UK construction maintains recovery
UK construction maintained its 16-month recovery last month, according to financial data provider Markit, despite official data showing that the sector experienced steep falls in output at the start of the year.
The Markit/Cips purchasing managers index (PMI) reported strong new orders and a rise in employment during April as growth fell back only marginally to 55.8 in April from 56.7 in the previous month.
Markit data shows much of the boost to output came from an upsurge in commercial building and civil engineering during the spring which is expected to continue through the summer months.
Commercial building expanded by 57.7 while civil engineering activity hit 56.5.
However, much of this activity is in London and the south-east where the Olympics, Crossrail and the development of King’s Cross are in full swing while projects like the Westfield shopping centre in Bradford remain on the drawing board.
Economists are divided over the conflicting data, with some believing the Office for National Statistics is overly gloomy while others argue the Markit data fails to pick up the downturn affecting smaller firms in the north and west.
House building is a high profile area that has also caused controversy. The ONS figures show it contracting – pushing UK into a double-dip recession – while the Markit data points to growth in April of 51.3.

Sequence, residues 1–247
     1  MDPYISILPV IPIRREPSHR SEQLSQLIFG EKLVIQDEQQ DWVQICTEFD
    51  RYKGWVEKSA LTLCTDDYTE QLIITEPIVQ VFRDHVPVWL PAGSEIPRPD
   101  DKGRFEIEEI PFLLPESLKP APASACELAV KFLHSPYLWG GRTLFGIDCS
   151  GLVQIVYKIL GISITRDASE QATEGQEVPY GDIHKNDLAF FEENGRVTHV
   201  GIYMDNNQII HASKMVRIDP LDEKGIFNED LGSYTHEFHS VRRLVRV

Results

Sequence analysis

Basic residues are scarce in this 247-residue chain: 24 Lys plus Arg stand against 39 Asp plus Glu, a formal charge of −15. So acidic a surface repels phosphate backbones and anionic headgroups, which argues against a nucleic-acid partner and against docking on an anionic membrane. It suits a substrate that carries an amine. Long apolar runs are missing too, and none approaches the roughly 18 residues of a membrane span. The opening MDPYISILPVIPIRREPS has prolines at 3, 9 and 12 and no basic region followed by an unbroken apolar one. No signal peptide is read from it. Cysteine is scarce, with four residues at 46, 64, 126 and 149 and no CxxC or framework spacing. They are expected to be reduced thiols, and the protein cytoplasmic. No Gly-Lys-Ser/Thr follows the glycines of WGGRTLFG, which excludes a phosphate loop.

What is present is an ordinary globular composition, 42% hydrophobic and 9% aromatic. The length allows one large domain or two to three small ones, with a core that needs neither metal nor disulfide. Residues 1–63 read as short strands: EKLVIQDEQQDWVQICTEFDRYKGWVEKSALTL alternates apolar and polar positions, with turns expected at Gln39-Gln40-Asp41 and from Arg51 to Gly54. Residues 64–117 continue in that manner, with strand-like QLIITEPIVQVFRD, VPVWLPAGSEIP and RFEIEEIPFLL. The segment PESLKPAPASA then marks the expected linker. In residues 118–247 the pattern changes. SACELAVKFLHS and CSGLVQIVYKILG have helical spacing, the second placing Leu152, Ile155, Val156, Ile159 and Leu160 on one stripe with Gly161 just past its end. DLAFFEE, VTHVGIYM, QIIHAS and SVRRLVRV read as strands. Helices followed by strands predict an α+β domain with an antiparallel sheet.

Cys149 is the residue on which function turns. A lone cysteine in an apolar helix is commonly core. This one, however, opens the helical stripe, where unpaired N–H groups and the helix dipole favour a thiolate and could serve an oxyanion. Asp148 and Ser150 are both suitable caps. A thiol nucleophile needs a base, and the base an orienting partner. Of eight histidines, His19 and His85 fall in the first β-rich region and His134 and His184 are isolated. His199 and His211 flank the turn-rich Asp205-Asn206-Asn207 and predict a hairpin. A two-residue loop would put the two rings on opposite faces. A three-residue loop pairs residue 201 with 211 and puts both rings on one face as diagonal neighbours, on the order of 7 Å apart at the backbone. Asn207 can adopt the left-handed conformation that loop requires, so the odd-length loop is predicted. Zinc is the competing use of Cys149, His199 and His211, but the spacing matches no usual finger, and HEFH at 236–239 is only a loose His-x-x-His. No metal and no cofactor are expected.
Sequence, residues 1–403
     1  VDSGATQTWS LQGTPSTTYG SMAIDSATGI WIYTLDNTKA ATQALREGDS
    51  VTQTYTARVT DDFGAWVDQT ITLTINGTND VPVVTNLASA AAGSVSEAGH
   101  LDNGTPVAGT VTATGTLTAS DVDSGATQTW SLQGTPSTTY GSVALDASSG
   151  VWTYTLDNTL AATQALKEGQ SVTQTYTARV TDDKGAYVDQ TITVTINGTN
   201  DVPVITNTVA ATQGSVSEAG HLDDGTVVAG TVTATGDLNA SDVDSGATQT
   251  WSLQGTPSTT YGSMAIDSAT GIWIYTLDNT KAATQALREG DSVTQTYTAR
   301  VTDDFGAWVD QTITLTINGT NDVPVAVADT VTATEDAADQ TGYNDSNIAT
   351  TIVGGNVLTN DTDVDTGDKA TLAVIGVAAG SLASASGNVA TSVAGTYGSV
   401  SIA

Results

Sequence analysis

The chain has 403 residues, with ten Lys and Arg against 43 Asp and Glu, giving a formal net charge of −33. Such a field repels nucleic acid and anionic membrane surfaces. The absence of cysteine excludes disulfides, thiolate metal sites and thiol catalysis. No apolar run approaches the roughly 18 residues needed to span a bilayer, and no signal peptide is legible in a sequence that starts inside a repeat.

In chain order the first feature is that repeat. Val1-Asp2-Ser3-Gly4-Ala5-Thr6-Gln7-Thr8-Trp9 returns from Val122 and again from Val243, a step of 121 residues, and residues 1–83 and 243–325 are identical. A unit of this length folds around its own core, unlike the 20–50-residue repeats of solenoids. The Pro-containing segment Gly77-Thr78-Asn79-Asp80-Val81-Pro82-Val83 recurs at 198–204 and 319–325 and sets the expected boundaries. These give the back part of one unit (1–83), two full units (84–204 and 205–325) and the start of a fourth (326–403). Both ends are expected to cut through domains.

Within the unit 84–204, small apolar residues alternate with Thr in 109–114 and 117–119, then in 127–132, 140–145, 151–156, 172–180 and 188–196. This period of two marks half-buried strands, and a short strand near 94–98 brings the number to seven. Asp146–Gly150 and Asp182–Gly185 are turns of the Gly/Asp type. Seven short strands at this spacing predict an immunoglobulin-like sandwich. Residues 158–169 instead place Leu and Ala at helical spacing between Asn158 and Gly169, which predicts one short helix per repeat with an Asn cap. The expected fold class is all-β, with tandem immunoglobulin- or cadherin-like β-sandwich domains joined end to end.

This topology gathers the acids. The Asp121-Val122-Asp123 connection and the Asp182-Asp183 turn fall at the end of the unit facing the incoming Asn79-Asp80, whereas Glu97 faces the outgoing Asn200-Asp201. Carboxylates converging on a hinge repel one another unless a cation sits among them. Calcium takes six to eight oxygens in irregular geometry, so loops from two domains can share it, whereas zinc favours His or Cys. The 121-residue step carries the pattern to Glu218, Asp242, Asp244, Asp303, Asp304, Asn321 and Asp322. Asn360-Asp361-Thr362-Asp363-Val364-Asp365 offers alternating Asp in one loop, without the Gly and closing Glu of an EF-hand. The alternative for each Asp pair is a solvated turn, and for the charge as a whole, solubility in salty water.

The government wants to encourage private house building, but changes in planning laws, a new tax regime for developments and a dearth of mortgage lending has hampered its efforts.
Howard Archer, chief UK economist at IHS Global Insight, said the major discrepancies between the surveys meant all construction data and surveys have to be taken with a pinch of salt.
“This was highlighted by the fact that the purchasing managers surveys pointed to the strongest construction expansion for a year in the first quarter while the preliminary national accounts data estimated that construction output contracted 3.0% quarter-on-quarter in the first quarter and contributed 0.2 percentage point to overall GDP contraction of 0.2% quarter-on-quarter,” he said.
But, he argued that a broad of view of the sector showed it was expanding, though modestly.
“It is clear though that the construction sector still faces significant headwinds that are likely to limit the upside for activity,” Archer said.
“In particular, the government’s spending cuts are limiting overall expenditure on public buildings, schools and hospitals. On top of this, house building activity is likely to be constrained by persistently weak housing market activity, soft prices and a still uncertain outlook.
“And if the economy continues to struggle to develop sustainable growth over the coming months, there is the danger that construction activity will be hit by some projects being put on hold or cancelled altogether – particularly large ones.”
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